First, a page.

(Sally Fallon, Mary G. Enig)

In light of the above history, we can better understand why the Bible specifically reveals that the Lord Jesus ate butter as a child, in order to grow! Olive oil is certainly a foundational part of a healthy, Biblical diet, but we are specifically told that He ate butter:

Isaiah 7:15 Butter and honey shall he eat, that he may know to refuse the evil, and choose the good.



Dairy was indeed a major part of the Biblical diet, insuring necessary vitamin A and other nutrients:


Levitical 20:24 But I have said unto you, Ye shall inherit their land, and I will give it unto you to possess it, a land that floweth with milk and honey...


The suggested RDA for vitamin A (for men and adolescents) is 900 mcg. A large egg yolk may contain 80 mcg. A portion of cheese is around 70-90 mcg. A tablespoon of butter is 95 mcg. A cup of milk is in the same neighborhood as the above levels, depending upon the source. Many nutrition researchers believe that the RDA for vitamin A is way too low. Therefore, it is easy to see why many people, depending solely on natural foods, may be deficient in this vital nutrient. It would take a lot of dairy each day even to fulfill the RDA. 


The idea that most people can easily obtain vitamin A from vegetables is a myth. For starters, it is reported that about 45% of the population carries at least one gene variation that significantly hinders the conversion of beta-carotene into vitamin A:


"Unfortunately, the vast majority of popular books on nutrition insist that humans can obtain vitamin A from fruits and vegetables…Even worse, FDA regulations allow food processors to label carotenes as vitamin A...Under optimal conditions, humans can indeed convert carotenes to vitamin A…Early studies indicated an equivalency of 4:1 of beta-carotene to retinol. In other words, four units of beta-carotene were needed to produce one unit of vitamin A. This ratio was later revised to 6:1 and recent research suggests an even higher ratio. This means that you have to eat an awful lot of vegetables and fruits to obtain even the daily minimal requirements of vitamin A, assuming optimal conversion…But the transformation of carotene to retinol is rarely optimal. Diabetics and those with poor thyroid function, a group that could well include at least half the adult US population, cannot make the conversion. Children make the conversion very poorly and infants not at all…zinc deficiency and even cold weather can hinder the conversion of carotenes to vitamin A, as does the lowfat diet…Carotenes are converted by the action of bile salts, and very little bile reaches the intestine when a meal is low in fat…Butterfat stimulates the secretion of bile needed to convert carotenes from vegetables into vitamin A, and at the same time supplies very easily absorbed true vitamin A…It is very unwise, therefore, to depend on plant sources for vitamin A."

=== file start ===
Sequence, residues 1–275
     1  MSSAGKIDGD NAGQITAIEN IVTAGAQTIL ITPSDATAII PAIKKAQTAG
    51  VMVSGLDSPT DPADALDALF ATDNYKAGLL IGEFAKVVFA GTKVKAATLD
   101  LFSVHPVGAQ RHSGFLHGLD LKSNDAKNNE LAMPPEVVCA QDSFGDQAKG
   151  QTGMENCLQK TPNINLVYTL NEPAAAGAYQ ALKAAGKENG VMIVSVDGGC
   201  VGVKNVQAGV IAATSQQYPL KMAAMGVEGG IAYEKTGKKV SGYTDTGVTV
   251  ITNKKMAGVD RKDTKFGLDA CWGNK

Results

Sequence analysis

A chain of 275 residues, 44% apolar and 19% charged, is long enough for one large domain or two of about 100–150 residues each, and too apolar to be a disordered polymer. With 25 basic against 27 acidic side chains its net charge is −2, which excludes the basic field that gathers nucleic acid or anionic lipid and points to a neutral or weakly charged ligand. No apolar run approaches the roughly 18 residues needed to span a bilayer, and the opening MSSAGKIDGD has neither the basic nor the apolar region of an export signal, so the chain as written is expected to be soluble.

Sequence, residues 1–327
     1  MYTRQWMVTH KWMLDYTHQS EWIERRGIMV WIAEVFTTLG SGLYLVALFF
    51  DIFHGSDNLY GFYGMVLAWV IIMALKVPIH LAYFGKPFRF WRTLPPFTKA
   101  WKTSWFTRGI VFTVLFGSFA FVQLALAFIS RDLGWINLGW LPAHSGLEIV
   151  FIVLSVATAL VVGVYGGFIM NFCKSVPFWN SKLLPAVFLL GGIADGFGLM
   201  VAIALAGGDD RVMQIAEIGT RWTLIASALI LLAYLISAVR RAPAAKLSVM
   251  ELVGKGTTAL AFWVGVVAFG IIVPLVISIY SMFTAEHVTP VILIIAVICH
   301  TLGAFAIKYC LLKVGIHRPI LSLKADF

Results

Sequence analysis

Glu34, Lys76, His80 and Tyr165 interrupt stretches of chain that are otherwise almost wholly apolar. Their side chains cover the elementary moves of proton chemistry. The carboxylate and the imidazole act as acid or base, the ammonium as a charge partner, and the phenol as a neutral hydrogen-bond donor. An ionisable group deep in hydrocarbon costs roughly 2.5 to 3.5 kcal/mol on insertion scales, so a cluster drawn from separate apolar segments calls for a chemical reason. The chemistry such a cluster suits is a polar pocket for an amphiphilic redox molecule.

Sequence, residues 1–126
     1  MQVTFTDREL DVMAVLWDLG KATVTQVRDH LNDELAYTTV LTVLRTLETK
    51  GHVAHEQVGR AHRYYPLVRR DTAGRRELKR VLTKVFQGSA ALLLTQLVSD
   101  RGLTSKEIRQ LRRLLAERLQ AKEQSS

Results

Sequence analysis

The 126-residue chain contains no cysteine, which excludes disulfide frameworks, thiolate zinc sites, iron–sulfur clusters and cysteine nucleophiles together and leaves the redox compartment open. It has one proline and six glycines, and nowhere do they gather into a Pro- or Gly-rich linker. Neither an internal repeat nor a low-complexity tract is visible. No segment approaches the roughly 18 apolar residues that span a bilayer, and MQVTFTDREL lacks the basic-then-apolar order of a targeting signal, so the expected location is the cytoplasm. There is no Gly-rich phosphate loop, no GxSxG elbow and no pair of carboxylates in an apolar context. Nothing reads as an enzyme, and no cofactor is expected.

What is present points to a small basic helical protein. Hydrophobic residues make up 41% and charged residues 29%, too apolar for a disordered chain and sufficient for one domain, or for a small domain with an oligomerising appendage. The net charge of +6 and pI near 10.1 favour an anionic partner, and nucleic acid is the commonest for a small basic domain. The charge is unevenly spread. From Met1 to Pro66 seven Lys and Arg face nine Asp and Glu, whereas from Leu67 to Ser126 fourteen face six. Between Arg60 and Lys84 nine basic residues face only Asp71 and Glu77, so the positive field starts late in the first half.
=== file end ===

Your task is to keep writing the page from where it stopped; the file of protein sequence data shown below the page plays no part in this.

(Sally Fallon, Mary G. Enig)


"The vitamin A activity of β-carotene is variable and surprisingly low in women...The vitamin A activity of β-carotene, even when measured under controlled conditions, can be surprisingly low and variable...The carotene in fruit...grains...and oils...seems to be more effective as a source of vitamin A than that in dark-green leafy vegetables...The human intestine has a limited capacity to absorb intact β-carotene..." 
(The American Journal of Clinical Nutrition, Volume 75, Issue 5, 1 May 2002) 


Assuming optimal conversion, eating excessively large amounts of certain vegetables raises the risk of thyroid inhibition from various antinutrients and goitrogenic properties.


Many have turned to liver to insure high amounts of vitamin A in the diet. A portion of turkey liver, or a cup of chicken giblets (i.e., the necks, hearts, livers, and gizzards of poultry), can have over 5000 mcg of vitamin A. Likewise, a small serving of beef liver can have over 4000 mcg. There is therefore a controversy among holistic nutrition researchers over the danger of these high vitamin A levels from livers. This is especially the case with cod liver oil. Many products on the market that go by this name often have synthetic vitamin A added in extremely high amounts.


The synthetic form of vitamin A (in supplements or added to foods) is linked to numerous problems, and may even hinder the absorption of true vitamin A. 


Is liver a healthy part of the Biblical diet? Modern Jews reportedly eat liver if it is prepared carefully. Notice a report from the 18th century: